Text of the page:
Code coverage and function coverage tells the verification engineer if the test plan goals have been met or not.
Thare are following types of code coverage :
1. Line Coverage
2. Toggle Coverage
3. FSM Coverage
4. Combinational coverage
1. Line Coverage :
Line coverage is answer the the simple question whether this line is covered or not. It is recommended that the line coverage for all modules in a design receive 100% coverage. If a line of logic is not executed during simulation, the design has not been fully exercised. Line coverage is useful for determining holes in the test suite.
2. Toggle Coverage :
Toggle Coverage is answer to the question "Did this bit of register or wire changed from 0 to 1 and 1 to 0 during simulation". A bit is covered if it changes from 0 to 1 and 1 to 0 during simulation.
For a design to pass full coverage, it is recommended that the toggle coverage for all modules in a design received 100% coverage. If a bit is never changes value, it is usually an indication that a mode is not being exercised in the design or a datapath has a stuck-at issue.
3. Combinational Coverage:
Combinational logic coverage answers the question, "What values did an expression (or subexpression) evaluate to (or not evaluate to) during the course of the simulation?"
This type of coverage is extremely useful in determining logical combinations of signals that were not tried during simulation, exposing potential holes in verification.
assign c = a I b;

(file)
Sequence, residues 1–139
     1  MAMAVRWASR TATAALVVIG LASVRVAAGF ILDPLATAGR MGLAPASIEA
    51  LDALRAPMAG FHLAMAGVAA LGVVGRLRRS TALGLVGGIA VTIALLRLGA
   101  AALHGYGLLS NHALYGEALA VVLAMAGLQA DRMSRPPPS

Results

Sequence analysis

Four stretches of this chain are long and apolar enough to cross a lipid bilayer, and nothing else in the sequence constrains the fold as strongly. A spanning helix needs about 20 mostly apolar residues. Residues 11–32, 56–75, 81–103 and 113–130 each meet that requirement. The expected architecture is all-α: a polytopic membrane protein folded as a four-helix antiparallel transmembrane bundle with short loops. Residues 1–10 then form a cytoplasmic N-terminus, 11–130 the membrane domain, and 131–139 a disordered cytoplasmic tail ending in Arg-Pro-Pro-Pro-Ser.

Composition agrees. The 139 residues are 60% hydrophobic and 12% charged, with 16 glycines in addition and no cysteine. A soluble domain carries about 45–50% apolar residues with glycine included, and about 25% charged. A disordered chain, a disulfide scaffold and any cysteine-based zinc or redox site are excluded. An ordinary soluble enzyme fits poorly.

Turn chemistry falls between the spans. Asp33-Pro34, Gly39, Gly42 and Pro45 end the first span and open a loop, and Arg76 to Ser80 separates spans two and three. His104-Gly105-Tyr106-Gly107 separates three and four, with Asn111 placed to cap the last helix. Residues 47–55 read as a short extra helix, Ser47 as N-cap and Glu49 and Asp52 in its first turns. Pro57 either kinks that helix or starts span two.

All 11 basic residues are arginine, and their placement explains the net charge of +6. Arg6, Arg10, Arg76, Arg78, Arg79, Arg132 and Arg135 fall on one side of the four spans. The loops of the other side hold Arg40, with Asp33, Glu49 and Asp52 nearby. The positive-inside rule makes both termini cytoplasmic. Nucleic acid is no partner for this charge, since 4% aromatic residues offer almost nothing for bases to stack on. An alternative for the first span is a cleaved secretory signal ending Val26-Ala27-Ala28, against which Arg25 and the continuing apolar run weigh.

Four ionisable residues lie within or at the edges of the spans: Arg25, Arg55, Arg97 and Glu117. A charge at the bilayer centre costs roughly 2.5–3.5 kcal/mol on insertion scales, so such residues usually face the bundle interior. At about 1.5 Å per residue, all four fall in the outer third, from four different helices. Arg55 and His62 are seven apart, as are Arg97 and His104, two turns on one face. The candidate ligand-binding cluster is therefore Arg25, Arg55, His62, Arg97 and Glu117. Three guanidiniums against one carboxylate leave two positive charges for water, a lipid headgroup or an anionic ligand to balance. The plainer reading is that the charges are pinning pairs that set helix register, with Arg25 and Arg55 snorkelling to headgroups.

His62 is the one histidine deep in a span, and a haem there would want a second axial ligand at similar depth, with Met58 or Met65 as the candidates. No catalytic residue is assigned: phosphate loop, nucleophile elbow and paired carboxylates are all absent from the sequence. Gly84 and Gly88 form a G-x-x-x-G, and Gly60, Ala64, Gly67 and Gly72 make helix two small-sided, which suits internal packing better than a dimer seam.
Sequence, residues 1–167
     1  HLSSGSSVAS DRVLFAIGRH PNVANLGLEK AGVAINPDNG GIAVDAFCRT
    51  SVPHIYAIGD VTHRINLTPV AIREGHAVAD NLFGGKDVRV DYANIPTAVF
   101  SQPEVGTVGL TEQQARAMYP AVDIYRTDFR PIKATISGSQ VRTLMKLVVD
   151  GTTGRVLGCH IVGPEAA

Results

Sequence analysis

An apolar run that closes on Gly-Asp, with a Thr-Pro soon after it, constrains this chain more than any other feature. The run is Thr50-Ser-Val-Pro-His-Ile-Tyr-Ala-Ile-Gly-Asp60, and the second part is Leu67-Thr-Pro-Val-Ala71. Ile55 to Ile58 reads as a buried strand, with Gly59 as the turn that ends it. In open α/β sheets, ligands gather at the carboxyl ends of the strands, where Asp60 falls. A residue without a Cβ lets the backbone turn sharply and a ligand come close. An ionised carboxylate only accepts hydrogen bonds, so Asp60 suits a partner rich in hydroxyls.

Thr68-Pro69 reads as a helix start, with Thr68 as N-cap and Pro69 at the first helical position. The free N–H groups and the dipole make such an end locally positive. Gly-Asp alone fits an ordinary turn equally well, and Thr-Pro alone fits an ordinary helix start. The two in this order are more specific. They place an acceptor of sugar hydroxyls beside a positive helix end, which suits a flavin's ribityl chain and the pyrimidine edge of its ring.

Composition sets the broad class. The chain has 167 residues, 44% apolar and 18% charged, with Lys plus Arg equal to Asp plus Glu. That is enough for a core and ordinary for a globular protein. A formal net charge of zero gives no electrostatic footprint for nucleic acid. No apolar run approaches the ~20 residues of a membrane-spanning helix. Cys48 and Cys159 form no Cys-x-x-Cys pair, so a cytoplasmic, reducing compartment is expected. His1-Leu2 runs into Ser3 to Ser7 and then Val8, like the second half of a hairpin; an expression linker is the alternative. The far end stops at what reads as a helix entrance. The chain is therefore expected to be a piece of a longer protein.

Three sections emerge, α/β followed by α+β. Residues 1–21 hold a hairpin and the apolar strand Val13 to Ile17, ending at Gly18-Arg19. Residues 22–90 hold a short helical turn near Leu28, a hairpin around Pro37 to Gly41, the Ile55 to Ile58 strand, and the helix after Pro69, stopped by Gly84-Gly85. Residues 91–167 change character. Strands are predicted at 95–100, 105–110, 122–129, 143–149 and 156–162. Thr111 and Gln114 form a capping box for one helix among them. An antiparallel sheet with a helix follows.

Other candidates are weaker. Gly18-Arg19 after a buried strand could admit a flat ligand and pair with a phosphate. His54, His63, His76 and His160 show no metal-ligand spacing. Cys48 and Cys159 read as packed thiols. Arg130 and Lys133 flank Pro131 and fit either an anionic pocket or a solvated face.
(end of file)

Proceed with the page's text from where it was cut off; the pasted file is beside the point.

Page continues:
The expression "a | b" can result in two values, 0 and 1, but can do so in four combinations:
- a = 0, b = 0, c = 0
- a = 0, b = 1, c = 1
- a = 1, b = 0, c = 1
- a = 1, b = 1, c = 1
Noticing the values assigned to a and b during simulation, shows that combinations (2) and (4) were hit during execution while combinations (1) and (3) were not (2 out of 4 - 50%).
it is recommended that the combinational logic coverage for all modules be 80% or higher. If the expression coverage for an expression is not 100%, it is recommended that the verification engineer closely examine these missed cases to determine if more testing is required. Sometimes certain combinations of signals are unachievable due to design constraints, keeping the expression coverage from ever reaching a value of 100% but still can be considered fully covered.
4. Finite State Machine (FSM) Coverage:
Finite state machine (FSM) coverage answers the question, "Did I reach all of the states and traverse all possible paths through a given state machine?"
There are two types of coverage detail for FSMs that Covered can handle:
- State coverage - answers the question "Were all states of an FSM hit during simulation?"
- State transition coverage - answers the question "Did the FSM transition between all states (that are achievable) in simulation?"
It is recommended that the FSM coverage for all finite state machines in the design to receive 100% coverage for the state coverage and 100% for all achievable state transitions. Since Covered will not determine which state transitions are achievable, it is up to the verification engineer to examine the executed state transitions to determine if 100% of possible transitions occurred.